SEC Levies $300,000 FCPA Penalty for Misrecording Gifts and Entertainment

July 13, 2010


On June 29, 2010, the U.S. Securities and Exchange Commission (“SEC”) announced a settlement with California-based telecommunications company Veraz Networks, Inc. (“Veraz”) in which Veraz agreed to pay a $300,000 penalty for alleged violations of the Foreign Corrupt Practices Act (“FCPA”) related to government-controlled telecommunications companies in China and Vietnam. Announced on the heels of a $338 million FCPA settlement with Technip, the Veraz settlement might initially be overlooked, but it is noteworthy in its own right.

The SEC’s complaint highlights an aggressive enforcement regime in which just $4,500 in alleged improper gifts, a $35,000 offer of payment that was discovered by the company and stopped, and other alleged gifts and entertainment of unknown value resulted in a $300,000 penalty. Moreover, the type of gifts described by the SEC as “questionable” included “flowers for the wife of the CEO.”

Companies operating in countries where gifts and entertainment are expected as part of doing business with government-owned enterprises should review this case and ensure that proper controls are in place to police such activity. This settlement shows that the SEC is prosecuting conduct that, in the past, may have been passed over in pursuit of more significant wrongdoing.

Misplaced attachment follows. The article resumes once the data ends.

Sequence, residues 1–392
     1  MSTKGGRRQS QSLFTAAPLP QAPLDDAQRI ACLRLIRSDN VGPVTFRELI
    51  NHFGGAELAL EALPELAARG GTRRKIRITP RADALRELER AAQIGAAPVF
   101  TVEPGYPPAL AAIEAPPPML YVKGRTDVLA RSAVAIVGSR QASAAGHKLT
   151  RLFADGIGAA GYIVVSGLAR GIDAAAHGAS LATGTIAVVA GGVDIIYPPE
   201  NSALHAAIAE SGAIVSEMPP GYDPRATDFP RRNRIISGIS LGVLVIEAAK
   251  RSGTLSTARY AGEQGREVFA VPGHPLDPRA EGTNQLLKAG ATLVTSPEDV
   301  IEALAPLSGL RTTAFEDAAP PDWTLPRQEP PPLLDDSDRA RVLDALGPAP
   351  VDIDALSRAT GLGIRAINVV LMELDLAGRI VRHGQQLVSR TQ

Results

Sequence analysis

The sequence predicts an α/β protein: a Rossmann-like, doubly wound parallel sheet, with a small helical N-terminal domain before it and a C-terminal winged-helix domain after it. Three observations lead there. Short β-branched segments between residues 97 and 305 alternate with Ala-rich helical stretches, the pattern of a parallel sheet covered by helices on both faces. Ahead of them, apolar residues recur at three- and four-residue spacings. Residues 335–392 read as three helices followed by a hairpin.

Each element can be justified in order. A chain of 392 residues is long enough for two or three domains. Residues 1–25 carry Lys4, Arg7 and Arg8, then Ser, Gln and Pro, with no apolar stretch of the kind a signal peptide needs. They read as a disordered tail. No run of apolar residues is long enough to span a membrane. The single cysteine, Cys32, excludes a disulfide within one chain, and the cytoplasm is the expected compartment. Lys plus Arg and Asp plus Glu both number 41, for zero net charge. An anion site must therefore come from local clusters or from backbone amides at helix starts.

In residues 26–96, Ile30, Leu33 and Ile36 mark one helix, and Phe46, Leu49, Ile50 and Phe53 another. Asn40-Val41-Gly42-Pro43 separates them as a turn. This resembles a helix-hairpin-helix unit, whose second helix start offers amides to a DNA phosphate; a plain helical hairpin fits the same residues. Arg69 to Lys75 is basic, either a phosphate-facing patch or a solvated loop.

Summary of Allegations

The SEC alleged that Veraz, which went public in 2007, made or offered to make gifts and improper payments in 2007 and 2008 to employees of government-controlled telecommunications companies in China and Vietnam in order to improperly influence those foreign officials to award business to, or continue doing business with, the company.

The complaint discloses little information about the specifics of the alleged misconduct, but alleges that Veraz hired a consultant in China to sell products to an unnamed government-controlled telecommunications company. The consultant allegedly provided approximately $4,500 in gifts to officials at the Chinese company in late-2007. His supervisor at Veraz allegedly approved funding for the gifts and referred to this as the “gift scheme.” In January 2008, the consultant allegedly offered officials at the Chinese company a “consultant fee” in order to secure a deal valued at approximately $233,000. The fee was to be set at 15 percent, or approximately $35,000. Veraz was awarded the contract, but discovered the improper offer of payment before receiving any money from the transaction and cancelled the sale.

Veraz also sold products in 2007 and 2008 to an unnamed government-controlled telecommunications company in Vietnam through a Singapore-based reseller. Through the reseller, a Veraz employee allegedly made or offered payments to the CEO of the Vietnamese company. The complaint does not specify the amount of the alleged payments. Veraz also allegedly approved and reimbursed the employee for “questionable expenses” related to the Vietnamese company, including gifts and entertainment for employees and flowers for the wife of the CEO. Again, the complaint does not specify the value of the alleged gifts.

The SEC alleged that Veraz failed to make or keep appropriate books and records reflecting the gifts and payments and that the company failed to devise and maintain an effective system of internal controls to prevent or detect violations of the FCPA.